The CFPB has expressed concerns about reverse mortgage advertising on many occasions. The agency claimed in a 2015 report that following exposure to reverse mortgage advertisements, “consumers were confused about reverse mortgages being loans, and they were left with false impressions that they are a government benefit or that they would ensure consumers could stay in their homes for the rest of their lives.”
The Federal Trade Commission (FTC) and the Consumer Financial Protection Bureau (CFPB) are in charge of enforcing federal regulations governing reverse mortgage advertising, and both agencies have taken action against several mortgage lenders for making fraudulent promises in reverse mortgage advertising.
The manner that reverse mortgages are promoted has drawn recurrent criticism from the CFPB. The organization has warned senior citizens to be wary of marketing for reverse mortgages that may be deceptive or confusing. Customers should be aware that a reverse mortgage is a loan, that advertisements may be deceptive, and that, without a solid strategy, you could outlive the loan’s available funds.
State Laws on Reverse Mortgage Advertising
Several states have implemented rules that restrict the manner that reverse mortgages may be promoted in addition to federal regulations.
Some of these rules, like those in Tennessee and North Carolina, are meant to make it harder for reverse mortgage lenders to misrepresent how these loans function. Others, like the regulations in force in Oregon, stipulate a number of disclosures—important details that the lender must convey to the prospective borrower—and state that these must be obvious and not only in the small print.
Instead of outlawing certain forms of advertising, a number of states have added to the counseling session that all prospective HECM borrowers are required to attend in an effort to safeguard customers. All potential HECM borrowers are required by the U.S. Department of Housing and Urban Development (HUD) to finish this counseling session. HUD mandates that the counselors explain the benefits and drawbacks of getting a reverse mortgage.
What is a violation of reverse mortgage advertising?
Advertising for reverse mortgages is rather heavily regulated, and many federal statutes prohibit lenders from making misleading promises in their advertising. These include the Truth in Lending Act (TILA), the Mortgage Acts and Practices Advertising Rule (MAPs Rule), and the Consumer Financial Protection Act of 2010.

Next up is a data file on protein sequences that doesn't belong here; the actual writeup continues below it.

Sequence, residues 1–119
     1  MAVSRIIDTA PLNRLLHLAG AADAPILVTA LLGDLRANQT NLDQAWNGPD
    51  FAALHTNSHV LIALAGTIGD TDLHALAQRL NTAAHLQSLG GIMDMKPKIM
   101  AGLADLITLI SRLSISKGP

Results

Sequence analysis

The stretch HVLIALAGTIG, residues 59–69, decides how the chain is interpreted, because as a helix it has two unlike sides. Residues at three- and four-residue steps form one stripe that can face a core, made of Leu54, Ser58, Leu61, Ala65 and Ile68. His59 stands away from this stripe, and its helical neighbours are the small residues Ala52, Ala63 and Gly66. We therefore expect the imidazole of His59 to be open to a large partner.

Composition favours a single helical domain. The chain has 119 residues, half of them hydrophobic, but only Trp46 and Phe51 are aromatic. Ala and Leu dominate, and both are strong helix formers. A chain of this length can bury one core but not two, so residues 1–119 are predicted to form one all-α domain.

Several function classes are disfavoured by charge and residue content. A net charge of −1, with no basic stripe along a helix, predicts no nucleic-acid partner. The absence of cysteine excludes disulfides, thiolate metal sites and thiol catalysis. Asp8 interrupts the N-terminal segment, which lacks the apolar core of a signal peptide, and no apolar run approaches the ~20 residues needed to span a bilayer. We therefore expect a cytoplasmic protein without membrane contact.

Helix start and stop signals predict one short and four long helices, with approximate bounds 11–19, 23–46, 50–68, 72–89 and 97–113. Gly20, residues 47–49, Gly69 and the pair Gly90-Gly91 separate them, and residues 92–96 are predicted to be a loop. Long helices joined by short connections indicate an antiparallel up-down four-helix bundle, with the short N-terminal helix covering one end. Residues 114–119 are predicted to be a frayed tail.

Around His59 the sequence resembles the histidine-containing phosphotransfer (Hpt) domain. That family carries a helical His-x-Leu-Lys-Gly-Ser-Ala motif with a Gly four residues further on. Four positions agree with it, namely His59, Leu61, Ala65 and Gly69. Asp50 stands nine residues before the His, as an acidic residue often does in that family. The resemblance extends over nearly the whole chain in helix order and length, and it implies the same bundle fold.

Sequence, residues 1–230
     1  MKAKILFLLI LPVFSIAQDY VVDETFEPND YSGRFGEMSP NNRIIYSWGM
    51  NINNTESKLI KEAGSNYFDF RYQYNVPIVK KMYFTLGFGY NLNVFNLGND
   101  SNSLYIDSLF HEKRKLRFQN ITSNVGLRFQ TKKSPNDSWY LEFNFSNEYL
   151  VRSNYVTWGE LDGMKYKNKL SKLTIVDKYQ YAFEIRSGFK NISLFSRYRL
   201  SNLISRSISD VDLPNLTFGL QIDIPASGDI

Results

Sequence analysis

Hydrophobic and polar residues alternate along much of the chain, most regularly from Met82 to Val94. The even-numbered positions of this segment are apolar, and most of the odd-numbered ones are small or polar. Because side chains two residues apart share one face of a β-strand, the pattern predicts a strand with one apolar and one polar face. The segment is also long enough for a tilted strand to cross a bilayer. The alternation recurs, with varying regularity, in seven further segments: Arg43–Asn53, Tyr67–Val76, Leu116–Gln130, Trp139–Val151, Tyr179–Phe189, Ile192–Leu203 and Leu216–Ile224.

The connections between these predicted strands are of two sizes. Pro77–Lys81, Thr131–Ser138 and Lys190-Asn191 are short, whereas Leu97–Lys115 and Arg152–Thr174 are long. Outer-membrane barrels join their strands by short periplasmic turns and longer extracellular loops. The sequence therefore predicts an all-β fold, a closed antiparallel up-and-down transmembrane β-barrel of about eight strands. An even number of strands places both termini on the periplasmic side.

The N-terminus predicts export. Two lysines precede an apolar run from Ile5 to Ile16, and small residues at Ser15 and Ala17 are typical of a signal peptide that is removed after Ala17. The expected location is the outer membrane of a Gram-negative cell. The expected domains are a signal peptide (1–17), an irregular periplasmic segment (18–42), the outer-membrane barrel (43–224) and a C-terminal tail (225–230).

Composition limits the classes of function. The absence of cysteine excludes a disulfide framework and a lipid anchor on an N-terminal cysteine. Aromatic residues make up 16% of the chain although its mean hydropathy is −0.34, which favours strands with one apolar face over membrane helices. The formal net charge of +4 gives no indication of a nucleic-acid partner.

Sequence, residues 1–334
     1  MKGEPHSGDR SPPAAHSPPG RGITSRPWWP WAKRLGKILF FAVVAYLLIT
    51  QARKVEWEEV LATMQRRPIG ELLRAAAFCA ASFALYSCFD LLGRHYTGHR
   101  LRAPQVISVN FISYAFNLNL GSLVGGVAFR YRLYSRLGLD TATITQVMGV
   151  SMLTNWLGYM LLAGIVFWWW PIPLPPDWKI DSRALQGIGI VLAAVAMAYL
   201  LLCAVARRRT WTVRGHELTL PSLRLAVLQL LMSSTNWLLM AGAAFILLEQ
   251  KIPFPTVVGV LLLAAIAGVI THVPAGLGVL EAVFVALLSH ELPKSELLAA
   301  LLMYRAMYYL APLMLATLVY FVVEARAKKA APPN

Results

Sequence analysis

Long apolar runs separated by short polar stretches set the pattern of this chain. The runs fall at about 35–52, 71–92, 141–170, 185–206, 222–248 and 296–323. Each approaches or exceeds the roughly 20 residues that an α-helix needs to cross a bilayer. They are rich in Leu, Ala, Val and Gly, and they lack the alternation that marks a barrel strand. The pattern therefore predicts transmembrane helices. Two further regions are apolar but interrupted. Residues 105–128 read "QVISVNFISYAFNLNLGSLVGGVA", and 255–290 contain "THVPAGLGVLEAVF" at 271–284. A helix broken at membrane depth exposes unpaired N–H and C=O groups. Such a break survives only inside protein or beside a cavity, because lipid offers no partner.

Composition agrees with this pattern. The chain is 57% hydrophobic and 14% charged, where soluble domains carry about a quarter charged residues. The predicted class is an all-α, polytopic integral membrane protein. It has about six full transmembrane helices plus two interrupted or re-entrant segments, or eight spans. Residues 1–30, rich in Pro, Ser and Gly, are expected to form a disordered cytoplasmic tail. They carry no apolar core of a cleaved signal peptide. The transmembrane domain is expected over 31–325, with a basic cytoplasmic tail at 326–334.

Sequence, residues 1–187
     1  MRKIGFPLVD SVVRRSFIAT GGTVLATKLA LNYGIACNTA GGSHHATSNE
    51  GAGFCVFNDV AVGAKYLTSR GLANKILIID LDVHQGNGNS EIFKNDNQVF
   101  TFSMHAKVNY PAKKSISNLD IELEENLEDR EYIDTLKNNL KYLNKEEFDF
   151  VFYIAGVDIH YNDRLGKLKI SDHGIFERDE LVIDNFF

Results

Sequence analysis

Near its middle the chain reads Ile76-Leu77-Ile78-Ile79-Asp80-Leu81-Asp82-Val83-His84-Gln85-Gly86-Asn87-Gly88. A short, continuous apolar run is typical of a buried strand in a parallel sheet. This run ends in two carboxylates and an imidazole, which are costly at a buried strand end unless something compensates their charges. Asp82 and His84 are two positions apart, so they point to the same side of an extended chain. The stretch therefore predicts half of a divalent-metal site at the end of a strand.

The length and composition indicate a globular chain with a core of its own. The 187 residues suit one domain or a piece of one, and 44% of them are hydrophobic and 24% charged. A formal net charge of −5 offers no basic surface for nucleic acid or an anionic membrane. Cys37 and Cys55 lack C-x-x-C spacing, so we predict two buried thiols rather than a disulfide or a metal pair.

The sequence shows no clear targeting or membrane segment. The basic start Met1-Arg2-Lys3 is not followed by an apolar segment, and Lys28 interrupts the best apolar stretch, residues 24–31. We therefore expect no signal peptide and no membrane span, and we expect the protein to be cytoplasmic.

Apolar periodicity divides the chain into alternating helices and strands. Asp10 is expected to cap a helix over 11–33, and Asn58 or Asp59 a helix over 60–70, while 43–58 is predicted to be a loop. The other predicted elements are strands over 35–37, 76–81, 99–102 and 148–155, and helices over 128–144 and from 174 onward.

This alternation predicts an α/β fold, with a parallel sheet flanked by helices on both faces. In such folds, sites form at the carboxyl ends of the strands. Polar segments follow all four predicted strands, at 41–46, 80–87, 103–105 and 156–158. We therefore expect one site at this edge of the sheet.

What is an example of false advertising for reverse mortgages?
Concerns have been expressed by the Consumer Financial Protection Bureau (CFPB) over reverse mortgage advertising. In a 2015 study, the agency discovered that after viewing reverse mortgage advertisements, consumers were perplexed about the fact that reverse mortgages are loans and were left with the mistaken impression that they are a government benefit or that they would guarantee consumers could remain in their homes for the rest of their lives.
Who regulates reverse mortgage companies?
Reverse mortgage lenders are subject to federal regulation by the Consumer Financial Protection Bureau (CFPB), the Department of Housing and Urban Development (HUD), and the Federal Trade Commission (FTC). However, a handful of states have also implemented legislation that regulates the promotion of reverse mortgages.
The Bottom Line
A number of federal rules regulate the manner in which reverse mortgages may be promoted. These include the Truth in Lending Act (TILA), the Mortgage Acts and Practices Advertising Rule (MAPs Rule), and the Consumer Financial Protection Act of 2010. According to these regulations, misleading promises cannot be made in mortgage advertisements or in any other kind of marketing material sent to customers by mortgage brokers, lenders, services, or advertising firms. A handful of states have also established legislation regulating the promotion of reverse mortgages.
The CFPB has expressed worry regarding the manner in which reverse mortgages are promoted notwithstanding these regulations. Therefore, ads for reverse mortgages that portray this product as a source of income or a government benefit should be avoided by customers. Loans are what reverse mortgages are, so handle them as such.